Shells I picked out of the sand
as the sunlight licked my skin
in a foreign tongue
once on each cheek,
are now gathering dust
on the top shelf of my dresser,
above rows and rows of
worn out boots,
unused sneakers,
sandals longing for socks,
repulsive crocs,
just as dusty as the shells,
because the only pair I wear is by the door,
strewn about,
sole separating from shoe,
begging to be forgotten for an afternoon,
having sacrificed itself for the pleasures of a morning,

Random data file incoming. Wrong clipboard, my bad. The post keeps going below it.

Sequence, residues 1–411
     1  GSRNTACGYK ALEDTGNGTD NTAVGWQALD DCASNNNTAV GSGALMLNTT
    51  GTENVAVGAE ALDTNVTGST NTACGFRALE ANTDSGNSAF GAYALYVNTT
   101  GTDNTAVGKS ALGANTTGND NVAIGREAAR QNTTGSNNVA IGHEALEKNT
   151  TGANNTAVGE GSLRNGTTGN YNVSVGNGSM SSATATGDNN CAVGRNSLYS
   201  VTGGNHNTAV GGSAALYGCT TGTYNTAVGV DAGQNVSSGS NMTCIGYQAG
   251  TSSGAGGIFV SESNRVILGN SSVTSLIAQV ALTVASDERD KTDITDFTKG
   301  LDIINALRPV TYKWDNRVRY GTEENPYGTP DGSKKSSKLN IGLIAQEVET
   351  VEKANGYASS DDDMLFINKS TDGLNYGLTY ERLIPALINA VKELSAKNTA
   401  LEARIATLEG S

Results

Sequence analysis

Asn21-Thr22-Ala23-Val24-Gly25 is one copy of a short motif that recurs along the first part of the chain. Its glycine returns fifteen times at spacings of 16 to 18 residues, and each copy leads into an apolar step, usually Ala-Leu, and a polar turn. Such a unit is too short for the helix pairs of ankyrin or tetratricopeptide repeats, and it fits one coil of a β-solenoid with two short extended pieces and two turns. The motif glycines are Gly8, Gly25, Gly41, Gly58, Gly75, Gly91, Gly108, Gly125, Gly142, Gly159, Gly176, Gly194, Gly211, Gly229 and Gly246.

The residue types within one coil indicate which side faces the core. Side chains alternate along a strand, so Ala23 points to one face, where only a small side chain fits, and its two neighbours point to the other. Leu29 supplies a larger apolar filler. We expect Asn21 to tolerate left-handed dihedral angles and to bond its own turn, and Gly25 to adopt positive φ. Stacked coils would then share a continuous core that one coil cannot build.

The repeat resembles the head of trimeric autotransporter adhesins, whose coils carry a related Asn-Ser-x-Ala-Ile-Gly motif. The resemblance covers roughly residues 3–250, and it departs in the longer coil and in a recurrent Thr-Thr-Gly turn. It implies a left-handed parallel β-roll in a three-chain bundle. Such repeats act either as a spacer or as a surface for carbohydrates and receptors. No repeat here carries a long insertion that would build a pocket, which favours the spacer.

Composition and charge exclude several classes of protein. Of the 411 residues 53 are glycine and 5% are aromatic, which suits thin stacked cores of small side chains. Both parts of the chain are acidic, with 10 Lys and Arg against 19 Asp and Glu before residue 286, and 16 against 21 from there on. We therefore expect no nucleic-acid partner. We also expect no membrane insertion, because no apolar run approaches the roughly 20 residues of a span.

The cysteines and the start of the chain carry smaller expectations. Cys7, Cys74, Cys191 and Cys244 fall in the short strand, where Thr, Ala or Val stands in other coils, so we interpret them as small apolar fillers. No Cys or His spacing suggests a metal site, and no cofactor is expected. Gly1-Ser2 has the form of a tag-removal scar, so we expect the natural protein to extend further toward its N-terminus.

and the pain of the night,
tracked sand all through the house,
through every hallway,
until I stumbled to the dresser,
to lay down the shells in sight,
and protected my toes from the tiny grains
that are still big enough to inconvenience me,
rather than be a broken reminder of
what they have taken from me,
a beach under the sun,
a place I’m still running from,
the only proof
that I have lived at all.